|Who has adorable ponies! Go meet them!!!!|
Because I suspect that for many, when they think of volunteering, they think of a day of slogging work when they could be taking a lesson or going to a show. The reality, however, is quite the opposite.
She asks, "What was your most memorable volunteering moment & event?"
As I paused to think, I realized it was a harder question that I first assumed. Of course, I can't just say one thing, I must keep up my reputation as a
Then, my dears, I would love to hear yours (in the comments or on your own blogs -- link in the comments so I don't miss any!!).
|Officially volunteer stuffs|
Not only did he answer, but he explained the question the movement asked of horse and rider & why the noted evasions occurred. I wrote it down somewhere, because it was a dressage lesson in itself, & I know I applied several gems as soon as I got home -- with results!
|Meet cool people: Wendy, designer/owner, Kan-Tec|
It really opened my eyes: you would not believe the unbelievable amount of time, money, & effort people put into becoming a licensed judge. While there are still a few not-so-great ones who slip through the program, it is HARD, & I certainly think twice if I am tempted to grumble about a judge (although I am really not that person; rarely has there been a comment that I don't 100% agree with).
|I judge Karen O'Connor at The Fork; the key is a great chair|
I was amazed at how differently each rider chose to approach it in terms of balance, speed, the shape of the horse, & whether or not they used the rolling terrain. That was when I first glimpsed how educational volunteering could be -- and how fascinating to sit at one fence, any fence, all day long.
Of 350, I had maybe FIVE who never lost a steady, forward galloping rhythm & jumped the fence out of stride, as a fly fence should be, while remaining balanced in the center of their horse with a soft & educated hand. Even more surprising was that those five were not the winners, nor were they big names.
|Tremaine: "OOOVER the jump, like this, not through, ok?"|
As he perfectly put it, you are not competing against other riders, you are competing with the CD.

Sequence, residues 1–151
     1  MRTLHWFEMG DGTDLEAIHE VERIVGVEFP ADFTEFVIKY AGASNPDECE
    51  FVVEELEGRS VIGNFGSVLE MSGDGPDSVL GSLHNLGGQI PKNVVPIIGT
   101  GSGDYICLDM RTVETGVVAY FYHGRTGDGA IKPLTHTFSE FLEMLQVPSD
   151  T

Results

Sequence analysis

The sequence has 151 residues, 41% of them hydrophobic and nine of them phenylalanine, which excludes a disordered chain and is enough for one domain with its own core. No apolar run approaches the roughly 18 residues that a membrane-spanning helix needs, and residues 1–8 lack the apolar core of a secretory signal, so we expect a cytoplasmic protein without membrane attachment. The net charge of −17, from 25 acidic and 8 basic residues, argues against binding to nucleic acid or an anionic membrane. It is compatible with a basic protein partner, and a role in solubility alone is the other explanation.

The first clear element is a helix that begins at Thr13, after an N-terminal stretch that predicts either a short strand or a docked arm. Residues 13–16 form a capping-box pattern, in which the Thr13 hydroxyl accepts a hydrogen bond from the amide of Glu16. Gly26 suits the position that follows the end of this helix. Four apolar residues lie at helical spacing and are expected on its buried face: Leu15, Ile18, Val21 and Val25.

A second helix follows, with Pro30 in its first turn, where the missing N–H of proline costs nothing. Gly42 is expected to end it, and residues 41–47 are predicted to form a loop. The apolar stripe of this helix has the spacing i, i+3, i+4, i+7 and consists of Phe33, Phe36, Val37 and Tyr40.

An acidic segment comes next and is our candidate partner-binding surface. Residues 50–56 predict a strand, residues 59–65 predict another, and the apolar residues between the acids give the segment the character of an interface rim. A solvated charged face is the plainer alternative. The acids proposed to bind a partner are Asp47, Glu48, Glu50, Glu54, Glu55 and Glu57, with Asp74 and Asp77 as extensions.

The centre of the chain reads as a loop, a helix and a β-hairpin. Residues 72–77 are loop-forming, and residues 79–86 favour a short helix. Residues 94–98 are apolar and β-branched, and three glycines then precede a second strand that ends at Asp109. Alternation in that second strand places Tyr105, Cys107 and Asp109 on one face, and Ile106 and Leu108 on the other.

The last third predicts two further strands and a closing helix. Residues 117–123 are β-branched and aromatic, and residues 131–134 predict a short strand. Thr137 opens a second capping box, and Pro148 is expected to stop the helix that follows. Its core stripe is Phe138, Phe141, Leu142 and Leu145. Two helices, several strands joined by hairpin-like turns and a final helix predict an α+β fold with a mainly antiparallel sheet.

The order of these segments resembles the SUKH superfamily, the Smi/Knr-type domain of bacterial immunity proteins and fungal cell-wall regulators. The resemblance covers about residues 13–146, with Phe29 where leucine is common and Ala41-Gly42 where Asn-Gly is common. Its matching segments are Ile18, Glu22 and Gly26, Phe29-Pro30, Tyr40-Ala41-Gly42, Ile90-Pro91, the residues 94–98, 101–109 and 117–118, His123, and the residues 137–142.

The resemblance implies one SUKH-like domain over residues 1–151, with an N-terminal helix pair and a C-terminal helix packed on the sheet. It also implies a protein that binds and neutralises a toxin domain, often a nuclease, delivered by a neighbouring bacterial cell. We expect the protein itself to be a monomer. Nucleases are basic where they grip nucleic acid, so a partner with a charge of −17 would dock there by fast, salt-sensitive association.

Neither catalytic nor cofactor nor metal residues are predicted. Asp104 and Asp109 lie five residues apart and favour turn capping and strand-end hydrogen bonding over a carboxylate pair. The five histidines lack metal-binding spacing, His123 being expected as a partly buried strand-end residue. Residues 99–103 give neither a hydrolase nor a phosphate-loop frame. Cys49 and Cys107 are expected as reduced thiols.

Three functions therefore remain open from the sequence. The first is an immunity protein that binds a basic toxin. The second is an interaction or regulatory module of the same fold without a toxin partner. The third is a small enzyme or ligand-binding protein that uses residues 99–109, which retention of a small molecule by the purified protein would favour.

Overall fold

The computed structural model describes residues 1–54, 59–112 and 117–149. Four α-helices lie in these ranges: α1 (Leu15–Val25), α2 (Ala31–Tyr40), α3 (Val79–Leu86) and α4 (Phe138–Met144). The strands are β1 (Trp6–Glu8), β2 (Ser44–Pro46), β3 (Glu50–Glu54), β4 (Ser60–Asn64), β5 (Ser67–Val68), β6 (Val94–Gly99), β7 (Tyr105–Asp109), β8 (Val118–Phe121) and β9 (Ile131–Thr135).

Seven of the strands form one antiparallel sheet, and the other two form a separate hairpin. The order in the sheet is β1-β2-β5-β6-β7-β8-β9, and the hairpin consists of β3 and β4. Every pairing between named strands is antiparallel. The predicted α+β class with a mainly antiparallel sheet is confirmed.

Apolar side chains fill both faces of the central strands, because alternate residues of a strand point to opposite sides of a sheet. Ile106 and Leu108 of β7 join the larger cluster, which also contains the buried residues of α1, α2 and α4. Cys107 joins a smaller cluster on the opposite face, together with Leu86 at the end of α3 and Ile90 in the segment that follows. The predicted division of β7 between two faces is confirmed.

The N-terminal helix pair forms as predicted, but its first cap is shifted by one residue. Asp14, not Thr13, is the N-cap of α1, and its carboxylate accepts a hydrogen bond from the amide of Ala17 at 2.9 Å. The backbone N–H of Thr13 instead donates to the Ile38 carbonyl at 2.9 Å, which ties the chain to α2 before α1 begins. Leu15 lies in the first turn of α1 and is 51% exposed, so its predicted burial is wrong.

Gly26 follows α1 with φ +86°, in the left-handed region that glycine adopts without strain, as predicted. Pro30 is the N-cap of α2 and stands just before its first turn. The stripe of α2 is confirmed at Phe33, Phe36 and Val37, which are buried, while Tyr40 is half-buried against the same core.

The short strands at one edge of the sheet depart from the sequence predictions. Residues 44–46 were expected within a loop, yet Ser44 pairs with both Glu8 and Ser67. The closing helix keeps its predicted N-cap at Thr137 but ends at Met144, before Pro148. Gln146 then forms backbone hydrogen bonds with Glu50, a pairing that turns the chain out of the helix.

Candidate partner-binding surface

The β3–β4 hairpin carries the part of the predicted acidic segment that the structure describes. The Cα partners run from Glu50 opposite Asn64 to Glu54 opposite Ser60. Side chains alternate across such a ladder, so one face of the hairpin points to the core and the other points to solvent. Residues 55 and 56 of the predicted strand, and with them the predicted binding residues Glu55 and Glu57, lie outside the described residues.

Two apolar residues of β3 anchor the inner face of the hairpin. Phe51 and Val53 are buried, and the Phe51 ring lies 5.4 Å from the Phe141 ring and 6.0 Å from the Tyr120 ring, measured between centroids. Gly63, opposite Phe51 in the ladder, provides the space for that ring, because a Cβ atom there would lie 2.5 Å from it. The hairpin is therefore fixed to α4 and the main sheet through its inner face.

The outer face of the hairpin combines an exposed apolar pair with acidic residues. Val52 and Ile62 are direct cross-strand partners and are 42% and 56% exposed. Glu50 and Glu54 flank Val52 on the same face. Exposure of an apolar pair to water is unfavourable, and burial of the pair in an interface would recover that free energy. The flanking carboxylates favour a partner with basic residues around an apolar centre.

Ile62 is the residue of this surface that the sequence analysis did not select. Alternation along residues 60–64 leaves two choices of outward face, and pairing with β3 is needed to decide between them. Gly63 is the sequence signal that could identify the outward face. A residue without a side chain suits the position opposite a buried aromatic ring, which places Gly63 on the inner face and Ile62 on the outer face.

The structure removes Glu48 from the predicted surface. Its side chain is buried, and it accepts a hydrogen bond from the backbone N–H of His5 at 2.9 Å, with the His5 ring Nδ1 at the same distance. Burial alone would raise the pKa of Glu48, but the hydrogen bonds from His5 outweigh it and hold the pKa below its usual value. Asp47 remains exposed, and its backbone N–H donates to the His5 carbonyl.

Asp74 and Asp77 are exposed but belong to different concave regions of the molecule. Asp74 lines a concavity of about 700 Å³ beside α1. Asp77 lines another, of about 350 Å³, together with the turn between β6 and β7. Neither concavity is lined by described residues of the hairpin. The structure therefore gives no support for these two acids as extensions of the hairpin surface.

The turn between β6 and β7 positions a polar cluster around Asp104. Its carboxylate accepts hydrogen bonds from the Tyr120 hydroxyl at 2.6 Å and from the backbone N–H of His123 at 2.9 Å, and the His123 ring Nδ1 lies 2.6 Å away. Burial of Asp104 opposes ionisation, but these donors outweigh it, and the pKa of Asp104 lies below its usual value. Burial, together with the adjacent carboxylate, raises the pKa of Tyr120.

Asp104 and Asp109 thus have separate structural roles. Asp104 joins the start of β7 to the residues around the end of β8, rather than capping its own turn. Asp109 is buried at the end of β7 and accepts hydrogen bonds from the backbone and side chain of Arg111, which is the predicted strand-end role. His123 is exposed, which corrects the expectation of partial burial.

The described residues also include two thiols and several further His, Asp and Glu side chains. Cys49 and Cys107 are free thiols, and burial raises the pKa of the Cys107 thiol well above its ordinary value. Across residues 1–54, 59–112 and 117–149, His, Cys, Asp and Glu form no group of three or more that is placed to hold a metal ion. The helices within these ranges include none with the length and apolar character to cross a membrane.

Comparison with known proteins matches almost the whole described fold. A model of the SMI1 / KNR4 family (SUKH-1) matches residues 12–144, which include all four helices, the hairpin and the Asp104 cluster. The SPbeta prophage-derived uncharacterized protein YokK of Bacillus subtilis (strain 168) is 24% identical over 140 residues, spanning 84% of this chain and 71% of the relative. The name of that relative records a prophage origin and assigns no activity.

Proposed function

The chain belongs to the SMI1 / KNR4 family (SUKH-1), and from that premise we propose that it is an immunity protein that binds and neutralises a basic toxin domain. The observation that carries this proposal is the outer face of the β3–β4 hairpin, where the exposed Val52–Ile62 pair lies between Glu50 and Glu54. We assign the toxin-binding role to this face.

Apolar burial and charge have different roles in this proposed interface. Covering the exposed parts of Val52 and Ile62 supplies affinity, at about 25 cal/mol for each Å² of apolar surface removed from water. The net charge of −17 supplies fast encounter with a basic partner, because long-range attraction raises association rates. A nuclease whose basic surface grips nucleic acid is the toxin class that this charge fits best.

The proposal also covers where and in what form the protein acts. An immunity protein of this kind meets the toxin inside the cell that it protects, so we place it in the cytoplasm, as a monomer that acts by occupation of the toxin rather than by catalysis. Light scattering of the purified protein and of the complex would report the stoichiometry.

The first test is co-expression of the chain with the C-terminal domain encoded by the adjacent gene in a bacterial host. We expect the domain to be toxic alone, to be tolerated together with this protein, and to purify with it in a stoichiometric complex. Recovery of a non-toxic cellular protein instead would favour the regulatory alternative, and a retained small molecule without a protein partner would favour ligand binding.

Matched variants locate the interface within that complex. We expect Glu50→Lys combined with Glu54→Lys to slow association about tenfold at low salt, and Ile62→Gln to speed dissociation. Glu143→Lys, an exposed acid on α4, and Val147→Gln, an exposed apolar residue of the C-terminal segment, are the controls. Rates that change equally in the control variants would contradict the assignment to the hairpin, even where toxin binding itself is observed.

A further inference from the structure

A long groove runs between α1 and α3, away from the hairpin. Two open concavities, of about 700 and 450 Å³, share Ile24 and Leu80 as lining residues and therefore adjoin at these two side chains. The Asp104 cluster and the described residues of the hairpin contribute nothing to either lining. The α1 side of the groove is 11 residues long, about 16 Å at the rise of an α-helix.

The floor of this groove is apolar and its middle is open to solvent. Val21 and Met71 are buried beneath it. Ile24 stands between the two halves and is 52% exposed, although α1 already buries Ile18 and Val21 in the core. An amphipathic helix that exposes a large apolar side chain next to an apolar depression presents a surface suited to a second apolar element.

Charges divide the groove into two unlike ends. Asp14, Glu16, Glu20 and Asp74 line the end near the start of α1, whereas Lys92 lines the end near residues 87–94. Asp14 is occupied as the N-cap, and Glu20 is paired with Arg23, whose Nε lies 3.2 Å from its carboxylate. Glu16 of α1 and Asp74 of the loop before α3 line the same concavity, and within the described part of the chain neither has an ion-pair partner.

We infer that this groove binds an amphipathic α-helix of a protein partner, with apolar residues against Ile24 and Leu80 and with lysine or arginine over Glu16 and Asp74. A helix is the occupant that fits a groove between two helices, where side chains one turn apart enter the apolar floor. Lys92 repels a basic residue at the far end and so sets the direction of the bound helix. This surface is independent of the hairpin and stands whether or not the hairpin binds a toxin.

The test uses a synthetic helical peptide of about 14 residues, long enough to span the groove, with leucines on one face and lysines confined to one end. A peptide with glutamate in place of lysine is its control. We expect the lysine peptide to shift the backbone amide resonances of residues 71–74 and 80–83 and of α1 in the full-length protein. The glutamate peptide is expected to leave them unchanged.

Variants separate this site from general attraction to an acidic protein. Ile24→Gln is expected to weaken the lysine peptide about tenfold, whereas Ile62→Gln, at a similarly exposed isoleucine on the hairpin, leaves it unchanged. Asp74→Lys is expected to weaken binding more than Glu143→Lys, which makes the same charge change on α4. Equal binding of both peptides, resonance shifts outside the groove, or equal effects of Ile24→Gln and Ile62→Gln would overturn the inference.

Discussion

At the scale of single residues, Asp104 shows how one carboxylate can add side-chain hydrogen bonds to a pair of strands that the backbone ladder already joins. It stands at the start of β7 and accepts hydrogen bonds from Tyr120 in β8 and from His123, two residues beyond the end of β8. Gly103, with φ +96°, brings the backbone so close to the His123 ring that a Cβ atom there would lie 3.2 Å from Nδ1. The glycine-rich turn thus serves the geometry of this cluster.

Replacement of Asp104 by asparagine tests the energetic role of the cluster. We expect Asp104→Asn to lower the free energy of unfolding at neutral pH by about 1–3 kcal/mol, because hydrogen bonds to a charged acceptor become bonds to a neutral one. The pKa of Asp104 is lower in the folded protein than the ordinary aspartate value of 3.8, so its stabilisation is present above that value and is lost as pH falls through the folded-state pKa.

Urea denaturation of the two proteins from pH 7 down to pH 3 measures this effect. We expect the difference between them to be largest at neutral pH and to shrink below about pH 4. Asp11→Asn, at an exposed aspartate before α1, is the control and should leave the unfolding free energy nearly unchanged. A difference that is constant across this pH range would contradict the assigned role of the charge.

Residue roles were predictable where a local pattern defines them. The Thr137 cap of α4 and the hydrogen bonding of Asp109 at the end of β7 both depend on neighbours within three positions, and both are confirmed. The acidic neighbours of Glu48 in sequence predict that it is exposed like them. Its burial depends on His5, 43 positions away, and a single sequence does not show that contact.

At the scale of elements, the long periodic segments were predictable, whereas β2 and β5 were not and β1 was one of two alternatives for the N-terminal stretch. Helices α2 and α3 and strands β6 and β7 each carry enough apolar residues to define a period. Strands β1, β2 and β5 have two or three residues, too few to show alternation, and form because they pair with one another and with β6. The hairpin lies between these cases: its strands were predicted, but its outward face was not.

Seeing how a thoughtful & creative CD's mind works showed me elements that I had never even contemplated, such as the simple placement of a jump in relation to different types of terrain. You can change a question entirely just by putting a log at the crest of a hill as opposed to putting it two strides back. Knowing what is being asked at each jump gives you the ability to ride it proactively, instead of reactively. And I think we all have experienced the difference that makes!!
|2006. What MY last 3DE jump would feel like.|
I got to know each rider & follow their ups & downs through the weekend, attend all of the teaching workshops & course walks, pick the brains of officials, & meet fellow Adult Riders who, five years later, are irreplacable friends.
I walked away with two distinct feelings: (a) I want to do this more than anything! (b) With Brian O'Connor's trademark voice on the loudspeaker, a contest for the Best Dressed at each jog, dressage judges at C and E, & multiple vet checks, you really did feel like you were doing Something Big.
|Max & DOC help Karen O. warm up at Rolex 2006. They'll help you, too.|
But at the same time, there was a clear undercurrent of team spirit, that we, riders, volunteers, clincians, judges, were all in this together & if any member found themselves in need, they'd better find a snorkel before the descending hordes of help smothered them!
Everyone was Someone & as folks like Stephen Bradley & Karen O'Connor & Max Corcoran & Tremaine Cooper & Sharon White & Colleen Rutledge are by your side & no question is silly or out of bounds, how can you feel anything but lucky?
Notice all but one are at a 3DE? Hmmmm.... I showed you mine, now you show me yours!!